Top 25 Books

Top 25 Books

Last month for Halloween, I posted a list of my favorite ten horror novels that I had written in 2015. That reminded me of another list I had compiled for my blog back in 2010, my top 25 books of all time.

As always, in case it bears repeating, this is a list of favorites, not 'best' and it is completely my opinion. In fact, it's my opinion from six years ago. If I were to think it over now I'm sure some of these would be different, but that's the nature of these lists. 

Without further ado, I present to you the 2010 me's favorite 25 favorite books. 

 

 

The following is a list of my 25 favorite books, with an additional few 'honorable mentions'

 

'Honorable Mentions' (in no particular order)

 

Frankenstein by Mary Shelly

Metamorphosis by Franz Kafka

The Shining by Stephen King

I Hope They Serve Beer in Hell by Tucker Max

The Prophet by Khalil Gibran

Monkey by Wu Ch'eng-en

The Chronicles of Narnia by C.S. Lewis

Siddhartha by Hermann Hesse

Faust by Johann Wolfgang von Goethe

Criminal Macabre by Steve Niles

 

 

25) The Icewind Dale Trilogy by R.A. Salvatore

24) Lord of the Flies by William Golding

23) The Big Sleep by Raymond Chandler

22) The Fall of the House of Usher by Edgar Allan Poe

21) Beowulf translated by Seamus Heaney

20) Kingdom Come by Jim Krueger and Alex Ross

19) Smoker by Greg Rucka

18) Eaters of the Dead by Michael Crichton

17) Slaughterhouse V by Kurt Vonnegut

16) The Picture of Dorian Gray by Oscar Wilde

15) The Hound of Baskervilles by Arthur Conan Doyle

14) The Princess Bride by William Goldman

13) The Thin Man by Dashiell Hammett

12) The Call of Cthulhu by H.P. Lovecraft

11) Demon in a Bottle by David Michlinie and Bob Layton

10) Young Goodman Brown by Nathaniel Hawthorne

09) The Canterbury Tales by Geoffrey Chaucer

08) Paradise Lost by John Milton

07) The Odyssey by Homer

06) Dracula by Bram Stoker

05) Arkham Asylum by Grant Morrison and Dave McKean

          Easily the greatest graphic novel I've ever read.  It truly redefined the Batman mythos by focusing on the villains and their place in the world, instead of just being about Batman himself.  Grant Morrison crafted a wonderful story taking place primarily within the walls of the asylum Batman himself filled, with beautiful art by Dave McKean.  This is a strong a recommendation for anyone who's ever wondered what the hype over comics is all about. I promise you won't be dissapointed.

04) Macbeth by William Shakespeare

         Whether you want to believe Shakespeare was a single author or a group of authors writing under a shared pseudonym, he/they have crafted some of the greatest stories of all time.  Many of said stories could easily have made this, or anyone's greatest, list.  However, for me, the choice was easy.  Hamlet, Othello, Romero and Juliet, the many sonnets, Taming of the Shrew, The Tempest, Twelfth Night, and the list goes on, but Macbeth has always been my favorite.  The intricacies of the prophecies and play between characters made for an incredible read. Lady Macbeth's slow decent into madness is some of the finest writing you'll likely ever have the opportunity to read. If you somehow made it through high school and/or college without reading this, your school system has failed you. Make up for that, now!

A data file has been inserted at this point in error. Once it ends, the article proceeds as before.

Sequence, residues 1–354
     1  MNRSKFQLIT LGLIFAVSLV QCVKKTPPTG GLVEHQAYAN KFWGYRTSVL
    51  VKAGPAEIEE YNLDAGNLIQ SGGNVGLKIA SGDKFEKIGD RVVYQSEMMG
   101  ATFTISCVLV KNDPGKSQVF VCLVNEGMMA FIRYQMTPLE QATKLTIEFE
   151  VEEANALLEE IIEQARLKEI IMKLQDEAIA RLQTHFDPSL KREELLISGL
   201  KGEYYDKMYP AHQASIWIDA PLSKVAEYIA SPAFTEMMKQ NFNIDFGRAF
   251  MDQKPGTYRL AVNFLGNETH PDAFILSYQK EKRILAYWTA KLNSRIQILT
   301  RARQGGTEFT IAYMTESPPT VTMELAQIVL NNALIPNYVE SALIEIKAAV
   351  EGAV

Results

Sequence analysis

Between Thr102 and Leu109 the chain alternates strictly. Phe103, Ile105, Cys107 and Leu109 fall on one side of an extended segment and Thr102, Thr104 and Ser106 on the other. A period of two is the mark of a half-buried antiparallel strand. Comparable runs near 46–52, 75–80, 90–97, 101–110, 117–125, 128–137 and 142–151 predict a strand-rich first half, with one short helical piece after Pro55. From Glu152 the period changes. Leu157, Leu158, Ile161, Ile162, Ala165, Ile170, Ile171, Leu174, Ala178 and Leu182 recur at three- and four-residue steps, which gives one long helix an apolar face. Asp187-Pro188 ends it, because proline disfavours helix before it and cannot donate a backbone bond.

03) The Occult Detective by C.J. Henderson

         Chances are few, if any, of you reading this has ever heard of C.J. Henderson, but he ranks so high up on this list because his work has been influential to my own writing.  He writes with great poise and a real world grit that makes the paranormal and supernatural feel so relatable in an odd, yet comfortable way.  While he's not as widely known as he should be, other authors in his genre respect his talents to the point where he's been commissioned to continue the work of H.P. Lovecraft.  Another recommendation to anyone who hasn't had a chance to read him. (since initially writing this, CJ has sadly lost his battle to cancer in 2014. I learned this at my very first book signing for Nightmare Noir as I sold a copy of my book to a friend of his. While still saddened by his passing, I hope to live up to his legacy.)

02) The Divine Comedy by Dante Alighieri

         I don't think there's anything I can say about this that hasn't been said a million times over.  With that said, if you haven't read the Divine Comedy yet, you're truly doing yourself a disservice.  It's considered one of the greatest works of literature of all time for obvious reasons.  Read and follow one man's journey through Hell, Purgatory, and Heaven that touches on every part of the human condition.

01) A Clockwork Orange by Anthony Burgess

             Movie and book alike rank the top of my lists, for simple reasons.  Anthony Burgess created his own slang for the novella which came out in 1962, so at times it may be a difficult read, however I can't give a stronger recommendation to read this book.  Although the book takes place in the 'future' the social commentary it relates to is heavily relevant especially in today's political climate, and 'discussions' of censorship.

 

Putting this list together, a few things surprised me.  For one, I find it interesting that Stephen King didn't make the list, although he's easily one of my favorite authors.  Same goes for Edgar Alan Poe, H.P. Lovecraft, Arthur Conan Doyle, and Mark Twain, all of whom are some of my favorite authors, but no one work stands out enough to rate higher on the list.

 

If there's a book you think should be on this list, or want to recommend for a read feel free to comment.

How I Learned To Read A Horror Comic

How I Learned To Read A Horror Comic

Dr. Strange Spoiler Review

Dr. Strange Spoiler Review